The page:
Physical Agents are sources of energy that may cause injury or disease. Examples include Noise, Vibration, Optical Radiation and Electromagnetic Fields.
Noise means unwanted sound or loud discordant or disagreeable sound or sounds.
The effect of noise on hearing can be temporary or permanent. Temporary deafness is often experienced after leaving a noisy place. Although hearing recovers within a few hours, this should not be ignored as it is a sign that continued or regular exposure to such noise could cause permanent damage.
Hearing loss is usually gradual due to prolonged exposure to noise. it may only be when damage caused by noise over the years combines with normal hearing loss due to aging that people realise how deaf they have become. Hearing damage can also be caused immediately by sudden, extremely loud noises, though this is not common.
Exposure to noise may also cause tinnitus, which is a sensation of noises (such as ringing or buzzing) in the ears. This can occur in combination with hearing loss.
Vibration means rapid movement to and fro or oscillating movement.
Mechanical vibrations at work can expose workers to hand-arm vibration (HAV) and or whole-body vibration (WBV).
HAV is caused by the use of work equipment and work processes that transmit vibration into the hands and arms of employees.
Long-term, regular exposure to HAV is known to lead to potentially permanent and debilitating health effects known as hand-arm vibration syndrome, such as vibration white finger and carpal tunnel syndrome.
WBV is caused by vibration transmitted through the seat or the feet by workplace machines and vehicles.
Regular, long-term exposure to high levels of WBV is linked to lower back pain.
Optical radiation is another term for light, covering ultraviolet (UV) radiation, visible light and infrared radiation.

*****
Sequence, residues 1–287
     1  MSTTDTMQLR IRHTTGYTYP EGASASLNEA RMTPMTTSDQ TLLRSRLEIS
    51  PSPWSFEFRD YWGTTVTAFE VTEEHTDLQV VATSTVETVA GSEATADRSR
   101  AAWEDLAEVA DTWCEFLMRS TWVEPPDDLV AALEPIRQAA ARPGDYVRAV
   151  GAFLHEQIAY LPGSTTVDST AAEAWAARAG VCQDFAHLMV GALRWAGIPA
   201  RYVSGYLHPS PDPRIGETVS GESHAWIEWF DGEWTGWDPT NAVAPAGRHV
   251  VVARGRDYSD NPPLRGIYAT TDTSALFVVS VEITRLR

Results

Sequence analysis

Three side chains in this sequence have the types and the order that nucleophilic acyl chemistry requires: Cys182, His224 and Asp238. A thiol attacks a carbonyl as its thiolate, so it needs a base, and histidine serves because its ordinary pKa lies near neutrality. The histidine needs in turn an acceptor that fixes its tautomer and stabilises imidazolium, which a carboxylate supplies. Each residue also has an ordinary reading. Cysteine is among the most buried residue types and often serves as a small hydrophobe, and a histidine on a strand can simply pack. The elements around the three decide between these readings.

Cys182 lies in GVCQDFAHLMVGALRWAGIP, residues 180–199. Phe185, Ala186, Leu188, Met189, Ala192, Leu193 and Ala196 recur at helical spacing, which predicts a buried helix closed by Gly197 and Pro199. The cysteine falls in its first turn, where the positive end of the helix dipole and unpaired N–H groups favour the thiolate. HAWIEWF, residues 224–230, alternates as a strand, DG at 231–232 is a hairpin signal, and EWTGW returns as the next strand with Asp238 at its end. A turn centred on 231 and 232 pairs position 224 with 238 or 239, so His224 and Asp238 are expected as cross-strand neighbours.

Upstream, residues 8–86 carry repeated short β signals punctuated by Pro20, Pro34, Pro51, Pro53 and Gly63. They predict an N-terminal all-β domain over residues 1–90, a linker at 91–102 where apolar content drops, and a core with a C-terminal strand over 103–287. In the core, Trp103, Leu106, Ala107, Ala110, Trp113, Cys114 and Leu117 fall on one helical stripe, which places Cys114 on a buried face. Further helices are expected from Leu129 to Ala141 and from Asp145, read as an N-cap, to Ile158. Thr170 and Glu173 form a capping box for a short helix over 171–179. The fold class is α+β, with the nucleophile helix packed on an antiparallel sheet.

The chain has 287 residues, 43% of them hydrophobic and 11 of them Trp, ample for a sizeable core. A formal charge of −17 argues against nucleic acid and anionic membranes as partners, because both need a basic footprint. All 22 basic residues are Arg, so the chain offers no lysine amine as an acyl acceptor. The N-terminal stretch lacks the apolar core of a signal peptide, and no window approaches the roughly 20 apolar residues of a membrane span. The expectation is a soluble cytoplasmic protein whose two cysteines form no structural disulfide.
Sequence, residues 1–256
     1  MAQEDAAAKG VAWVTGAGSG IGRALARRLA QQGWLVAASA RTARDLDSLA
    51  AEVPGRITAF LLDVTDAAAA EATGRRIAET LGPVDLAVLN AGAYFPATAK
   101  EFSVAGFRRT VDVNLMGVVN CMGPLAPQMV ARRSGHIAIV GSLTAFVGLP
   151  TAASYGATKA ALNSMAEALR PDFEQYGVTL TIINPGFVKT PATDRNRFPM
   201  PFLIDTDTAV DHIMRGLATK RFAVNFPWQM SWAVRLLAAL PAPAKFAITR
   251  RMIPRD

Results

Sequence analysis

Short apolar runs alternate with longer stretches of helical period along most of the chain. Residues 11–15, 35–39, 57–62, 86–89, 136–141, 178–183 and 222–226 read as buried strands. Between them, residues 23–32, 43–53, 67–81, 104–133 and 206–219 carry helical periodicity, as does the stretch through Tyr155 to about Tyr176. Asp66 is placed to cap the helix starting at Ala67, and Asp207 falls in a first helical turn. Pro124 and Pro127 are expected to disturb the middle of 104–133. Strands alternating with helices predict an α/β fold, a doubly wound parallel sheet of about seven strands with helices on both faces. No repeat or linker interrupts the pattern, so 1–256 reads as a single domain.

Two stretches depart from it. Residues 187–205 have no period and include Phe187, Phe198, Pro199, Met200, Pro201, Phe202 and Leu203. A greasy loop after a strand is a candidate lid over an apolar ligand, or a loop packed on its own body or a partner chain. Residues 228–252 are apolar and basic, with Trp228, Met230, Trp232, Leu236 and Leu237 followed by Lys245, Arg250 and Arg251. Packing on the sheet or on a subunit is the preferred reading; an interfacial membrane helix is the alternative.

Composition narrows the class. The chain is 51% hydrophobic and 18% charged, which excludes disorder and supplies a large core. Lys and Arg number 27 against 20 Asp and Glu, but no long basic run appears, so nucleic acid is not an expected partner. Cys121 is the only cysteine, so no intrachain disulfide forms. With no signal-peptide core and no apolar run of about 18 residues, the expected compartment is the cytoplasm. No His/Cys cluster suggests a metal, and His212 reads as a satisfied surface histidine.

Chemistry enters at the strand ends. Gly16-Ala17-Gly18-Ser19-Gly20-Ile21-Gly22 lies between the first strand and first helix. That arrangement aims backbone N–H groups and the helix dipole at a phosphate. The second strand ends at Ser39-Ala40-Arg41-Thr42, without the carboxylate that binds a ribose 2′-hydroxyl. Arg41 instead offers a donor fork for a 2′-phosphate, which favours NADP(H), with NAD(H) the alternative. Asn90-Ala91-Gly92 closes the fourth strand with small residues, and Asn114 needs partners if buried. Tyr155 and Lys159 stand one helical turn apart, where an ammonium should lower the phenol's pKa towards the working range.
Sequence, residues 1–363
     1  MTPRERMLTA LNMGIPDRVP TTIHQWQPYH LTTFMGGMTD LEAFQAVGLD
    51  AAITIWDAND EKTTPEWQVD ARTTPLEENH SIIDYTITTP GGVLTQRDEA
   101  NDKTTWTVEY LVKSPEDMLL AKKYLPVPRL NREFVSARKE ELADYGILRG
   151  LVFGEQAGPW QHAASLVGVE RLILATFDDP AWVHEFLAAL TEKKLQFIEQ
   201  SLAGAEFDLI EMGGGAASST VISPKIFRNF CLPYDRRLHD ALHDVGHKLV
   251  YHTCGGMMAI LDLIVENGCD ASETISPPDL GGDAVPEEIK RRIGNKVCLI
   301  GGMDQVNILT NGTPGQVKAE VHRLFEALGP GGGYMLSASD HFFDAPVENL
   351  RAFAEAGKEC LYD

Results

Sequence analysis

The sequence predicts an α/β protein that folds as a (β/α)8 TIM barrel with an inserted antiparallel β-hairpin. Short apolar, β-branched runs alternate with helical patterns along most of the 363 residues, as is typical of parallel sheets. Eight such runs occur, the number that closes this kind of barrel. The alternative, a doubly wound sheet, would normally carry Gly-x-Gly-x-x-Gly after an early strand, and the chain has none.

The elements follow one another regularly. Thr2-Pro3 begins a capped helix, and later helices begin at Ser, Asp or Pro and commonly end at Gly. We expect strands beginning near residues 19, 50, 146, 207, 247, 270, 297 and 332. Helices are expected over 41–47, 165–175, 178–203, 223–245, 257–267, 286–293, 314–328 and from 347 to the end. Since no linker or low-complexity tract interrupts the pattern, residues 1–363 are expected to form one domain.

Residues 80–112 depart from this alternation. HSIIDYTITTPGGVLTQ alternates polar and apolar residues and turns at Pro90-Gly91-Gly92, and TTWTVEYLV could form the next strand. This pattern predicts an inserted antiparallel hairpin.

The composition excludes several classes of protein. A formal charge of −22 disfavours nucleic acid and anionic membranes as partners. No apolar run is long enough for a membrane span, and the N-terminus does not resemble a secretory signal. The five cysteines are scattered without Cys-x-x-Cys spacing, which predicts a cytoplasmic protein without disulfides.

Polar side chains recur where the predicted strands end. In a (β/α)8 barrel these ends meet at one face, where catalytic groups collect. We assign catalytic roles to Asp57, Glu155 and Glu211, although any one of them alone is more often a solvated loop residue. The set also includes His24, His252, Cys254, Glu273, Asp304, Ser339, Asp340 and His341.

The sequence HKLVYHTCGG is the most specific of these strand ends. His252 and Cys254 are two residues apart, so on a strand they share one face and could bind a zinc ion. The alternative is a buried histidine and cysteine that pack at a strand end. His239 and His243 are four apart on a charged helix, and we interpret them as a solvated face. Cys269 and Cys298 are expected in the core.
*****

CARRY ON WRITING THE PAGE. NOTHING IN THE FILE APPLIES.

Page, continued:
The greatest risk to health from optical radiation is probably posed by UV radiation from the sun. Exposure of the eyes to UV radiation can damage the cornea and produce pain and symptoms similar to that of sand in the eye. The effects on the skin range from redness, burning and accelerated ageing through to various types of skin cancer.
The second greatest risk to health from optical radiation is probably posed by the misuse of powerful lasers. High-power lasers can cause serious damage to the eye (including blindness) as well as producing skin burns.
Electromagnetic fields (EMFs) arise whenever electrical energy is used. So for example, EMFs arise in our home from electrical appliances in the kitchen, from work processes such as radiofrequency heating and drying and in the world at large from radio, TV and Telecoms broadcasting masts and security detection devices.
It has been known for a long time that exposure of people to high levels of EMFs can give rise to acute effects. The effects that can occur depend on the frequency of the radiation. At low frequencies the effects will be on the central nervous system of the body whilst at high frequencies, heating effects can occur leading to a rise in body temperature. In reality, these effects are extremely rare and will not occur in most day-to-day situations.